SSP Seminar | Remote Supervision: A new model for doctoral education?
Monday 12 October, 1-2PM via Zoom. Please contact Dinesh Wadiwel for Zoom information
When the pandemic hit, doctoral supervision moved online around the globe. Virtual Zoom or Skype meetings suddenly replaced in person gatherings and challenged the traditional notion of doctoral education as a local apprenticeship. But is there really a benefit of meeting in person if technological advances in videoconferencing technology made it possible to maintain and even build close relationships at a distance? What are the differences between real and virtual meetings if people can hear, see, spontaneously respond to each other and even share their epistemic objects in quasi-natural multimodal interactions?
In this seminar, Marc explores potential impacts of videoconferencing technology on advisor-candidate relationships and interactions. He critically reviews previous research on remote PhD supervision drawing on in-depth analyses of recorded Zoom meetings in which advisors and candidates discuss doctoral research. The data is part of his larger comparative project that compares doctoral research and supervision practices in the social sciences and physics within the German chair, Australian lecturer and US graduate school system.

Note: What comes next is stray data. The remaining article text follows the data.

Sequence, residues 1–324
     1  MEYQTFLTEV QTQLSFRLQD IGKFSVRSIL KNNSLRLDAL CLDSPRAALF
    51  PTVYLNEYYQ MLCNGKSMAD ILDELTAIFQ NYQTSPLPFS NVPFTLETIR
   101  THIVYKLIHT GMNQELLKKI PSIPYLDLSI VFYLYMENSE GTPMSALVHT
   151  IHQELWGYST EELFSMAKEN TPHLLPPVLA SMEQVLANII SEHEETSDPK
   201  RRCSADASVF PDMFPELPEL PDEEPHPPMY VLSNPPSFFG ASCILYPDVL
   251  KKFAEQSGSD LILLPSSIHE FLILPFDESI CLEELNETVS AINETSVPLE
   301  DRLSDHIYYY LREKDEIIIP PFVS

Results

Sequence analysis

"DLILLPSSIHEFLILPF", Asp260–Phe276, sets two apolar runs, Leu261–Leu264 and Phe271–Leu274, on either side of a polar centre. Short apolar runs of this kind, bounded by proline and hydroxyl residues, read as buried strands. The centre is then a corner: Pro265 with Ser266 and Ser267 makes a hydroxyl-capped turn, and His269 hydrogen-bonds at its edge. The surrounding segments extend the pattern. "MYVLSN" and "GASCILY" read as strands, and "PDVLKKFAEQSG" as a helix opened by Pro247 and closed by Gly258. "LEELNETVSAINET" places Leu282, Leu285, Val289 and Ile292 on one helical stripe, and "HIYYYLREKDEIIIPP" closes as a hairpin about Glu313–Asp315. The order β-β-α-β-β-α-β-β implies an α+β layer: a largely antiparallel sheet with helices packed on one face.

About the speaker
Marc Torka is a sociologist of science, higher education and the professions. His research aims to understand how institutional, technological and knowledge change may or may not impact on professional and academic work. He is currently Honorary Associate at the Department of Sociology and Social Policy at the University of Sydney as well as CI of the project “International Comparison of Doctoral Training Practices” funded by the German Research Foundation. Before Marc moved to Australia in 2015, he was researcher at the WZB Berlin Social Science Center (2007-2012), the Institute for Social Research at Frankfurt University (2013-2016) and lecturer at Berlin Humboldt-University. His recent work on doctoral education and academic habitus formation has been published in Minerva (2018, 2019), Internationalisation in Higher Education (2019) and Australian Universities’ Review (2020). He is currently working on a book on academic socialisation worldwide.